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Trump nominee is voted out as head of Inter-American Development Bank

Mauricio Claver-Carone’s term as IDB president was set to expire in 2025

Mauricio Claver-Carone was the first American to hold the top job at the organization. (Tarina Rodriguez/Bloomberg News)

The Inter-American Development Bank, the hemisphere’s premier international lending institution, voted Monday to fire its president. Mauricio Claver-Carone was terminated following a unanimous recommendation by the 14-member executive board, the organization said.

The termination was first reported by Reuters.

In a statement, the IDB said Claver-Carone, whose term was set to expire in 2025, “will cease to hold the office of President of the Bank” effective Monday.

The statement did not refer to a well-publicized investigation into him. Two people familiar with the probe said it was the results of that investigation that led to the vote. The individuals spoke on the condition of anonymity because they were not authorized to speak about the inner workings of IDB or the results of the investigator’s report, which has not been made public.

One of the individuals said investigators found evidence to conclude Claver-Carone had a relationship with a staff member who reported directly to him, and to whom he gave raises totaling more than 45 percent of base pay in less than one year. Claver-Carone’s leadership of the organization also resulted in employees fearing retaliation from him, the person said.

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Vice President Reina Irene Mejía Chacón will lead the organization until a new president is elected, the statement said.

The Biden administration appeared to welcome Claver-Carone’s ouster.

A spokesperson for the Treasury Department said the United States “supports the dismissal of the IDB President.” The department said Claver-Carone’s “refusal to fully cooperate with the investigation, and his creation of a climate of fear of retaliation among staff and borrowing countries, has forfeited the confidence of the Bank’s staff and shareholders and necessitates a change in leadership.”

Claver-Carone had previously criticized the nature of investigation, saying in a statement to the Associated Press that the probe “failed to meet international standards of integrity that both the IDB and the region strive to exemplify.”

He had added: “In clear and direct contravention of IDB ethics rules, neither I nor any other IDB staff member has been given an opportunity to review the final investigative report, respond to its conclusions, or correct inaccuracies.”

In a statement after the vote, Claver-Carone also claimed without evidence that ousting him from his position would embolden China, the AP reported.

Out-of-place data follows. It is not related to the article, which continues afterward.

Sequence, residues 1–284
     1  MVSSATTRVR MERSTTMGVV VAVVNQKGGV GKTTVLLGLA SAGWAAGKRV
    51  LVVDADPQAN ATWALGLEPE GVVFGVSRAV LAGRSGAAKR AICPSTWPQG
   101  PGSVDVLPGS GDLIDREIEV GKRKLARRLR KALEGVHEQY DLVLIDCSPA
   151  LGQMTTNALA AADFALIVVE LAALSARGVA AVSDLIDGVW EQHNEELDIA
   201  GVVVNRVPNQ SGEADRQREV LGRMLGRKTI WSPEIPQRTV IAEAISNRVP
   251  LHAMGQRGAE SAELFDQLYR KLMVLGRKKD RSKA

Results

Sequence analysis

In June 2020, President Donald Trump announced the nomination of Claver-Carone, then a senior figure at the National Security Council whom the Trump administration credited with boosting private-sector investment in Latin America and the Caribbean. His election that September marked the first time the United States — by far the bank’s biggest donor — held the top position at the six-decade-old organization.

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Claver-Carone’s defenders described him as a reformer leading a long-beleaguered organization rife with corruption. According to his biography on the IDB’s website, he had led “a comprehensive reform of the Bank’s business model” and was “overseeing a broad effort to improve operational efficiency, productivity and transparency to facilitate better results, impact and monitoring effectiveness.”

Critics describe him differently. Investigators said there was evidence he conducted an affair with a staffer at the National Security Council, which prompted one official to warn that it posed a counterintelligence security risk, the AP reported. The Biden administration — which has sought to reaffirm America’s relationship with multinational organizations — had indicated it was taking the allegations against Claver-Carone seriously.

Michael Shifter, former president of the Inter-American Dialogue think tank and an adjunct professor at Georgetown University, said Claver-Carone’s lack of high-level diplomatic expertise made him an unusual choice for the IDB role. “There was a basic question of how qualified was he, given his background,” Shifter said in an interview. “There was always a cloud, or at least a big question.”

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